• 865 - Bishop, S.C., 1941, The salamanders of New York, New York State Mus. Bull., Vol. 324, pg. 1-365
  • 910 - Graham, R.E., 1971, Environmental effects on deme structure, dynamics, and breeding strategy of Ambystoma opacum (Amphibia: Ambystomatidae), with an hypothesis of the probable origin of the marbled salamander life-style, Ph.D. Diss., Rutgers Univ., New Brunswick, N.J., UNPB
  • 915 - Hassinger, D.D., Anderson, J.D., Dalrymple, G.H., 1970, The early life history and ecology of Ambystoma tigrinum and Ambystoma opacum in New Jersey, Am. Midl. Nat., Vol. 84, pg. 474-495
  • 937 - King, W., 1935, Ecological observation on Ambystoma opacum, Ohio J. Sci., Vol. 35, pg. 4-15
  • 945 - Martof, B.S., 1955, Observations on the life history and ecology of the amphibians of the Athens area, Georgia, Copeia, Vol. 1955, pg. 166-170
  • 949 - Minton, S.A., 1972, Amphibians and Reptiles of Indiana, Indiana Academy of Science Monograph, Vol. 3, 346 pgs., Indiana Academy of Science, Indianapolis
  • 960 - Petranka, J.W., Petranka, J.G., 1981, On the evolution of nest site selection in the marbled salamander, Ambystoma opacum, Copeia, Vol. 1981, pg. 387-391
  • 1008 - Barbour, R.W., 1971, Amphibians and reptiles of Kentucky, 334 pgs., Univ. of Kentucky Press, Lexington, KY
  • 1009 - Bishop, S.C., 1943, Handbook of Salamanders, 555 pgs., Comstock Publ. Co., New York, NY

Photos:

*Click on a thumbnail for a larger version.


Verified County/City Occurrence

Accomack County
Albemarle County
Alleghany County
Amelia County
Amherst County
Arlington County
Augusta County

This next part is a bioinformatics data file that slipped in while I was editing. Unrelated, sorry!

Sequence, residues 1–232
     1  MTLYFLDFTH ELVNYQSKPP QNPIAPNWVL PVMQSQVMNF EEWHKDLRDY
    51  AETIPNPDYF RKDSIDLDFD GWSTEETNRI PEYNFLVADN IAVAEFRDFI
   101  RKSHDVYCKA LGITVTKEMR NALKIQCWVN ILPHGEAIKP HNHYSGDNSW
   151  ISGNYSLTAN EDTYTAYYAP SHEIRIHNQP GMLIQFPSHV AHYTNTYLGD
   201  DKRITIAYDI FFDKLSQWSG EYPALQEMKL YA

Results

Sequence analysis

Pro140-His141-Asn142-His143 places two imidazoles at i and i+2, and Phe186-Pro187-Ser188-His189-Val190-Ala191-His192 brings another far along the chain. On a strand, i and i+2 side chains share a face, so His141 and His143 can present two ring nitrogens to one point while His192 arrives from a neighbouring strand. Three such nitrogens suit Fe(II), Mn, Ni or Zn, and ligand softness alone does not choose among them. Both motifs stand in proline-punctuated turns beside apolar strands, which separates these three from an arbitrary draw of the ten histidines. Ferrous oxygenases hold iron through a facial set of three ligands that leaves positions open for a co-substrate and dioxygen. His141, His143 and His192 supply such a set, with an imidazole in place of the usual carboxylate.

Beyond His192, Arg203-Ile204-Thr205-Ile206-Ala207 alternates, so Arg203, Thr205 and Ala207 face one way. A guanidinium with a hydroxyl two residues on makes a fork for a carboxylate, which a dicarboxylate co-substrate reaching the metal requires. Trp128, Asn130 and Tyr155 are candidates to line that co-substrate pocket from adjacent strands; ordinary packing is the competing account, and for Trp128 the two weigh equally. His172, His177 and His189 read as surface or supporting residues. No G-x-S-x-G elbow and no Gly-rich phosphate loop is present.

Bath County
Botetourt County
Brunswick County
Buckingham County
Campbell County
Caroline County
Charles City County
Charlotte County
Chesapeake City
Chesterfield County
Craig County
Culpeper County
Cumberland County
Dinwiddie County
Fairfax County
Fauquier County
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Gloucester County
Goochland County
Greensville County
Halifax County
Hampton City
Hanover County
Henrico County
Isle of Wight County
James City County
King and Queen County
King George County
King William County
Lancaster County
Louisa County
Madison County
Mathews County
Mecklenburg County
Middlesex County
Montgomery County
Nelson County
New Kent County
Newport News City
Northumberland County
Nottoway County
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Page County
Patrick County
Pittsylvania County
Poquoson City
Powhatan County
Prince Edward County
Prince George County
Prince William County
Pulaski County
Rappahannock County
Richmond County
Rockbridge County
Rockingham County
Scott County
Shenandoah County
Southampton County
Spotsylvania County
Stafford County
Suffolk City
Surry County
Sussex County
Virginia Beach City
Westmoreland County
Williamsburg City
York County
Verified in 74 Counties/Cities.



FROGS

Virginia is home to 28 species of frogs and toads.

SALAMANDERS

We have a large diversity of salamanders consisting of 56 different species and subspecies.

LIZARDS

Virginia is home to 9 native lizard species and two introduced species, the Mediterranean Gecko and the Italian Wall Lizard.

SNAKES

The Commonwealth is home to 34 species and subspecies of snake. Only 3 species are venomous.

TURTLES

Virginia has 25 species and subspecies of turtle. Five of these species are sea turtle.